Historic racing and hillclimbing have the wonderful advantage over the modern formulae that we can wander round the paddock and watch the final preparations. But, despite the odd glitch on the day, we never really get to see the sometimes-painful process of awaking an historic racing car from its winter slumbers before the day of the race. We were privileged to see this happening at the beginning of July to the Jim Robbins Special – a famous Indianapolis racer that on 8th and 9th July competed honourably in the Chateau Impney Hillclimb.
This early ‘Roadster’ raced at Indianapolis from 1952 to 1956 – and was pole-sitter in 1955 driven by Jerry Hoyt. Its highest finishing position was 10th in 1956.
The Jim Robbins Special
The engine is a classic 4-cylinder twin-cam 270 cu. in. (4,500cc) Offenhauser – originally used in the 1948 winner, the Blue Crown Special.
The Offenhauser engine – canted over to lower the centre of gravity
Original floating-caliper disc brakes all round
1955 racing chassis plate
A seat designed for left turns
The owner, Dean Butler, regularly asks James Parker (who normally races an ex-Basil Davenport GN) to exercise the car at events such as Chateau Impney. But it’s not easy to find all the little tools and bits and pieces, even when you think you’ve brought everything to the garage – so we’ll try to give some idea of the trials and tribulations of James and his highly-experienced colleague and mechanic Duncan Round on that lovely summer’s day, that eventually led to the glorious sound of an Offenhauser in full voice.
Things started in the garage, with filling of fluids. There was some confusion: which of the three enormous containers contained methanol and which water? Solution: taste each one. And your correspondent didn’t know before that you must add a special chemical to the methanol to make any flames visible. Garages have burnt down in the past for lack of this essential precaution, because pure methanol burns with no flame.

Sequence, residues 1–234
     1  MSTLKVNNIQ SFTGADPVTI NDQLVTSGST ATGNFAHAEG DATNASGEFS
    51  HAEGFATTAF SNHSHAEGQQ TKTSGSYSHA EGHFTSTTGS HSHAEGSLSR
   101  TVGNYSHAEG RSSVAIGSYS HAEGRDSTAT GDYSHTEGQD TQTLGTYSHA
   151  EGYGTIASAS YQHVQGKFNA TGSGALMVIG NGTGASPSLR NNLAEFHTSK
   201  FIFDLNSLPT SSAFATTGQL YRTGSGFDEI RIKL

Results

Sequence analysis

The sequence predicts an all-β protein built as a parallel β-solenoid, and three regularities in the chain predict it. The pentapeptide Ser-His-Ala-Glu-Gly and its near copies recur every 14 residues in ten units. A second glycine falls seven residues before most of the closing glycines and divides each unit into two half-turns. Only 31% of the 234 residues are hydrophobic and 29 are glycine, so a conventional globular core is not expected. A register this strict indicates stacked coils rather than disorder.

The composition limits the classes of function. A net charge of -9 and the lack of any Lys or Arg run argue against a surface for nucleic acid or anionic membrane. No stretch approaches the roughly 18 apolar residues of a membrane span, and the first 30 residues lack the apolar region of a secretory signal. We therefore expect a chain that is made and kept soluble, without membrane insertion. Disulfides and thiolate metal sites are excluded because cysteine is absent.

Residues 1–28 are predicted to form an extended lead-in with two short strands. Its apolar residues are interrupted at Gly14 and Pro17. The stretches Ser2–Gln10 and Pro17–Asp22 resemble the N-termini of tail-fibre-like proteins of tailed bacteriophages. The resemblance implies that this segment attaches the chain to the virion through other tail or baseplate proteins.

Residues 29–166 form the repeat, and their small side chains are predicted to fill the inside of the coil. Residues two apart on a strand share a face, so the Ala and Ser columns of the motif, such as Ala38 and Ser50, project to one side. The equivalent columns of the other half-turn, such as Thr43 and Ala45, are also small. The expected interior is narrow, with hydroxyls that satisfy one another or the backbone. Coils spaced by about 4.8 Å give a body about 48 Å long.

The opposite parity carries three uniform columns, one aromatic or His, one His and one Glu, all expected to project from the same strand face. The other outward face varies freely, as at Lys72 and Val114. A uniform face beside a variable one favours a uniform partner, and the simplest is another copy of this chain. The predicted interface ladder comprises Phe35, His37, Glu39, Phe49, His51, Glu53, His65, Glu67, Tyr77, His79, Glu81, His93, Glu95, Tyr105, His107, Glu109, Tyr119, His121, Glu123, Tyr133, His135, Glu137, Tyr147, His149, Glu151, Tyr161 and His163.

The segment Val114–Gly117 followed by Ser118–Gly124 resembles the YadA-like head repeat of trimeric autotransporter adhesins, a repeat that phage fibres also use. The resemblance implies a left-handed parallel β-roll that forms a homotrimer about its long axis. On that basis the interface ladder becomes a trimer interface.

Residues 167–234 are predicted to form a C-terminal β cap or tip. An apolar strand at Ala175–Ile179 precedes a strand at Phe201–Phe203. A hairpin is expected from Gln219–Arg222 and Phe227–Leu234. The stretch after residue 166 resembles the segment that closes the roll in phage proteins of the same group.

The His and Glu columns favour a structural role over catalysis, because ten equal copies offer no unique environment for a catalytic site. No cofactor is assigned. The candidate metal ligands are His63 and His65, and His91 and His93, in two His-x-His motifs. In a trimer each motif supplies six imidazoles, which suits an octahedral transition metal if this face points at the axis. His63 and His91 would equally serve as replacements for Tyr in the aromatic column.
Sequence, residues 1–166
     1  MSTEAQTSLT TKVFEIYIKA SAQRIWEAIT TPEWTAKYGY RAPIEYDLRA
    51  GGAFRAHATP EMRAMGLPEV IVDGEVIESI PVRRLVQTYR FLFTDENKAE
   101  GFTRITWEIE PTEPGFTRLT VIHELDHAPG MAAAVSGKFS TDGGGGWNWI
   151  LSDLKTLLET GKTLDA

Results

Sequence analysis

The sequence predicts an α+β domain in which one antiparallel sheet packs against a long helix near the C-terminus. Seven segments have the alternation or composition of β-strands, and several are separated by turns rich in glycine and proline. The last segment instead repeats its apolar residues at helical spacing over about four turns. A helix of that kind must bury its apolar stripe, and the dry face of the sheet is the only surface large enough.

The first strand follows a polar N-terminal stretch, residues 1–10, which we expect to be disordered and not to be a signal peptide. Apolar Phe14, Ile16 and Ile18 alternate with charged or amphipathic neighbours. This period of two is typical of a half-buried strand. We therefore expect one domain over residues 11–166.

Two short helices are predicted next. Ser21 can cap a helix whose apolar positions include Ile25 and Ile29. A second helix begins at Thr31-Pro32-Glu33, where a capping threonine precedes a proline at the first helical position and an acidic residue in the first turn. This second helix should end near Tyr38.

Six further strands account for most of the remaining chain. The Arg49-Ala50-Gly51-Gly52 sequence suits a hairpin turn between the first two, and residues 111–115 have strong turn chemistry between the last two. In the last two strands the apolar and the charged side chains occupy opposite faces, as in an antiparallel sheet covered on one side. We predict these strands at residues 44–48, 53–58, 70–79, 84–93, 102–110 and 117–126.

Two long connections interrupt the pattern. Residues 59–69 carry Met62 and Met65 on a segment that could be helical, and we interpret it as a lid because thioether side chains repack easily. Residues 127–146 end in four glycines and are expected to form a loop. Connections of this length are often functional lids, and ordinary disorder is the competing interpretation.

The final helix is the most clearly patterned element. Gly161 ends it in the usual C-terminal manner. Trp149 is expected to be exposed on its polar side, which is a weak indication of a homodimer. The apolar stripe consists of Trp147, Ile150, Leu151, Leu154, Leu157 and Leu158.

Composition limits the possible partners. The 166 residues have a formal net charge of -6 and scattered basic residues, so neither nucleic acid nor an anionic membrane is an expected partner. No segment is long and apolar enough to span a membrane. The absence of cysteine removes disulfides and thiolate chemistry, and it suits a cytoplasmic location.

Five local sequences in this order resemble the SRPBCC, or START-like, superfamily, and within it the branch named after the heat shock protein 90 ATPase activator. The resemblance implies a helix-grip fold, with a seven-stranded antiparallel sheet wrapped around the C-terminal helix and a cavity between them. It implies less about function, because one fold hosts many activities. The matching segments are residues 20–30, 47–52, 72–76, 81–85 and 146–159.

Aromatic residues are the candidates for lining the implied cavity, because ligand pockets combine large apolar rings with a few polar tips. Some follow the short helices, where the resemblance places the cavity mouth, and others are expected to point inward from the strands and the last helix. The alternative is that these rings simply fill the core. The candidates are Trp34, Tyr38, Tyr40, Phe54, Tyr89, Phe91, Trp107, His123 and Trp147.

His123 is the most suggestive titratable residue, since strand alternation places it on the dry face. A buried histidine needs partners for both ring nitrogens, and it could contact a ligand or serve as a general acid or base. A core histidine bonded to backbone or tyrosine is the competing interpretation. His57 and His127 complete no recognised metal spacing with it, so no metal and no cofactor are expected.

Fuelling with methanol
Methanol, water and oil were added and checked, and the car was wheeled out into the sunlight.
The next challenge was to turn the engine over with the racing starter. One battery had gone closed circuit, so 36 Volts had to be reduced to 24, with some doubt that this would be enough. Then a nasty rattle from the engine showed that the starting dog wouldn’t engage. That was expertly fixed by copious quantities of WD-40. Pausing to check that the ignition was off, the starter turned the engine over to check for oil pressure – and a wonderfully powerful woofling sound came from the exhausts: healthy compression, and oil pressure showing.
Turning over the engine
Then a search was made for a small battery to run the fuel pump. That found, and with the ignition finally on, there were a few tense moments of firing on one or two cylinders.
Then the engine came to life. Would that we could play you a recording of the sound of a full-race Offenhauser – simply breathtaking!
Sadly, we didn’t see the car go up the hill on the following Saturday and Sunday, but the Chateau Impney website shows commendable results for the car’s practice and competitive sorties. And a bit more digging revealed a fascinating interview with James Parker after one of his runs, telling how difficult it is to hillclimb a car with a two-speed gearbox, built to run at maximum speed for 500 miles. Here it is:
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